Government Urged to Act Now for Children

20 November 2009 News

UK Commissioners declare that children’s rights are being breached

CHILDREN being demonised, children living in poverty and children still not getting the vital services they are entitled to, shows the need for a comprehensive action plan to address breaches in children’s rights.

Speaking on the 20th Anniversary of the signing of the UN Convention on the Rights of the Child, Gerry Campbell, Chief Executive of the Northern Ireland Commissioner for Children and Young People said the Executive must do more for children’s rights.

All four Children’s Commissioners in the UK are to issue a joint statement calling for urgent action across the country to support children.

Mr Campbell warned that on this anniversary, children were at a greater risk of being affected during the current economic downturn – and that child poverty represented both individual hardship and multiple breaches of children’s rights.

Last year the UN’s Committee on the Rights of the Child delivered its verdict on the state of children’s rights in Northern Ireland, but the NI Executive has, as yet, to respond formally.

“The Committee identified the need for urgent action,” said Mr Campbell. “While we welcome the forthcoming statement from the Executive, committing to respond positively to the Committee’s Concluding Observations, it is disappointing to see how little progress has been made in implementing change.”

“What is needed is a comprehensive, funded and time bound action plan detailing how the Executive will deliver on the UN Committee’s Concluding Observations.”

“The consequences of budget cuts, particularly in early intervention services, can have a subsequent profound effect on children which, in turn, may lead to increased crisis intervention costs in future years.

“We will continue to hold Government to account, monitor actions and report if they let our children and young people down. Twenty years on it is time for them deliver on the promises they made when they signed the Convention.”

In coming weeks NICCY will launch a 12 month campaign, engaging with children and young people to challenge Government to take action on the key issues affecting their lives.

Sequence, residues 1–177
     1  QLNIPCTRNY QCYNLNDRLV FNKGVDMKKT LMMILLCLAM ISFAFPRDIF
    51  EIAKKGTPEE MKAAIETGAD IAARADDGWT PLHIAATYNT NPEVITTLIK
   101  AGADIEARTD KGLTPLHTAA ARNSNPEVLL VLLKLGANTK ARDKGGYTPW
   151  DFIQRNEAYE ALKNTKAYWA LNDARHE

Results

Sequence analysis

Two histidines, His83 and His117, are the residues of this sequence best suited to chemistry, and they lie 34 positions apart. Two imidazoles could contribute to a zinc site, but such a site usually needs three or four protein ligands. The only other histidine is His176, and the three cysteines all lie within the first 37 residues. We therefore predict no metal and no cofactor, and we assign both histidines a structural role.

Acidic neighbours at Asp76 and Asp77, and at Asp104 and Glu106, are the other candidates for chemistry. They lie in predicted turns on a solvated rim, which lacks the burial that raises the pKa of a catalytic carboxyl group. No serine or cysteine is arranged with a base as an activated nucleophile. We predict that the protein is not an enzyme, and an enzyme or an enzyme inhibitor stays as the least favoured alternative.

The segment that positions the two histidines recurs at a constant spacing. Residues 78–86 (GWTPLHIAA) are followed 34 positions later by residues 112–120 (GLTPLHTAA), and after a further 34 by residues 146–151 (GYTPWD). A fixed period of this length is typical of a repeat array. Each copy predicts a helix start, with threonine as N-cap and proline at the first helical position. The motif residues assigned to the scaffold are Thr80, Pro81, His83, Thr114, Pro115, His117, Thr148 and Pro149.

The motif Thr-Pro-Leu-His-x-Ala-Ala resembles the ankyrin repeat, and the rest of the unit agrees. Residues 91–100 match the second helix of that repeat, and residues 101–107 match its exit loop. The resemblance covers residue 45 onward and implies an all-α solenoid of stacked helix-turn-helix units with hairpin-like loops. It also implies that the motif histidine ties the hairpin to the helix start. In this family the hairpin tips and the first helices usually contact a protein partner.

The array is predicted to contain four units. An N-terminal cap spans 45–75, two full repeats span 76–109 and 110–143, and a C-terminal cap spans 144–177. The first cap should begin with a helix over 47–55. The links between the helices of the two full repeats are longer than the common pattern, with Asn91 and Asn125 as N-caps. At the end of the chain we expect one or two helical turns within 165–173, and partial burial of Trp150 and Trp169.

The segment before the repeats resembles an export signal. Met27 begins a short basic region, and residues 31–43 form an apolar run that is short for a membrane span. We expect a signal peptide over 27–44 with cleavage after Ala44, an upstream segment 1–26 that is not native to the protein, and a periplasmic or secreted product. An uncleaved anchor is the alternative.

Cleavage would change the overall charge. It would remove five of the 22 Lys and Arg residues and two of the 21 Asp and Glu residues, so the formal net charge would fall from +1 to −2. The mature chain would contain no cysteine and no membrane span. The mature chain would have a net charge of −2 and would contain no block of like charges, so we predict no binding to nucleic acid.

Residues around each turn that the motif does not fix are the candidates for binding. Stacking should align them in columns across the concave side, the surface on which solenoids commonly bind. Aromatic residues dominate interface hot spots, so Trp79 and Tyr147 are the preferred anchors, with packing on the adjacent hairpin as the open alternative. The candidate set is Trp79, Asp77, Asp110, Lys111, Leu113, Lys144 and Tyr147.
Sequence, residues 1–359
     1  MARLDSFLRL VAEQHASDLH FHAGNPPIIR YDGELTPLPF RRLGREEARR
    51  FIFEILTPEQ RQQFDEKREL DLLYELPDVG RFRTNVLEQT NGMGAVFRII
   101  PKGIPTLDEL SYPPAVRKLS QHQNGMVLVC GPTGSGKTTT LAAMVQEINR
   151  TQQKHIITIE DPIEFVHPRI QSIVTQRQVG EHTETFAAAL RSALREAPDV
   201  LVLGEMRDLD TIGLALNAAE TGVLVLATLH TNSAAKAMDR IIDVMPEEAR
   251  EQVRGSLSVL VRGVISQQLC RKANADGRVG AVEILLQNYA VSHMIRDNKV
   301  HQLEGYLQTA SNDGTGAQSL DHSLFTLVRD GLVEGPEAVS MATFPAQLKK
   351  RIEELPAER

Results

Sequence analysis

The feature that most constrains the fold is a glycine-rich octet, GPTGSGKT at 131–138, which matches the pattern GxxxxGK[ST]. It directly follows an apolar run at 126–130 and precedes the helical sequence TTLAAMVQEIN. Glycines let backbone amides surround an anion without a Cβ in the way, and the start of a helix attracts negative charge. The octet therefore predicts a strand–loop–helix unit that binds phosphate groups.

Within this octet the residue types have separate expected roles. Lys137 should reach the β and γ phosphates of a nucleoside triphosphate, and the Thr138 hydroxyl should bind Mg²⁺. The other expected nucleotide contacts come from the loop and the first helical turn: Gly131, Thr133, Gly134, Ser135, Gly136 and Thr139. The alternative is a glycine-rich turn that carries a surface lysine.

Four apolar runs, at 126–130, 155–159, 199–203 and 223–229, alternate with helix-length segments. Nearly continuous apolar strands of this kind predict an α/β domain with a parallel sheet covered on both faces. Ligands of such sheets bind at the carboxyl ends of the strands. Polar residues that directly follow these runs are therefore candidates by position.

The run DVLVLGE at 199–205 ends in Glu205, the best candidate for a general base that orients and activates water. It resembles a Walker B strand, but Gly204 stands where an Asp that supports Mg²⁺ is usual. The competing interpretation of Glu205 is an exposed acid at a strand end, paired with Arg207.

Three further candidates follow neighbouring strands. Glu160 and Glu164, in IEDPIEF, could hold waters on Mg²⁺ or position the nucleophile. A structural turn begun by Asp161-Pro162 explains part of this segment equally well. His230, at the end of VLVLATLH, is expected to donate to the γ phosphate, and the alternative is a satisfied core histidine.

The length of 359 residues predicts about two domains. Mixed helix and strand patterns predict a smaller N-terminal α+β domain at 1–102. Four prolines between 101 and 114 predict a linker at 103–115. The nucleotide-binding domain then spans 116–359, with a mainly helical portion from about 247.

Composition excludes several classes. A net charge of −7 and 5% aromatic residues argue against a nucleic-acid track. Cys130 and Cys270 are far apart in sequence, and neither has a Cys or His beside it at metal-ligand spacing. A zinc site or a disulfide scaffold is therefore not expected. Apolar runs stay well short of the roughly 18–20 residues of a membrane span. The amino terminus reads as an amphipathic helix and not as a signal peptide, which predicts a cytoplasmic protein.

Notes for editors

  • The United Nations Convention on the Rights of the Child was signed by the UK, together with almost every country in the world, on 20th November, 1989.
  • Every four years the UK Government and the devolved assemblies, have to report on progress towards the standards set out in the Convention.
  • In June 2008 NICCY, together with the other three UK Children’s Commissioners presented to the Committee.
  • The Committee’s Concluding Observations [Report and Recommendations] were published.
  • The UK Government and the three devolved Executives were to publish their response and action plan to meet the Committee’s recommendations within a year.
  • As of the date of issue of this release the Northern Ireland Executive is the only part of the UK not to publish its response and action plan.

Issues to be addressed in NICCY’s coming 12-month campaign:

  • January – Poverty
  • February – Family Life
  • March – Looked after Children
  • April – Participation
  • May – Asylum-seeking children
  • June – Play and Leisure
  • July – Children with disabilities
  • August – Community safety/stereotypes
  • September – Education
  • October – Emotional Health and wellbeing
  • November – Youth Justice
  • December – Celebration of young people

MEDIA ENQUIRIES For more information please contact Andrew McGall, Communication Officer at NICCY on 028 9031 1616 or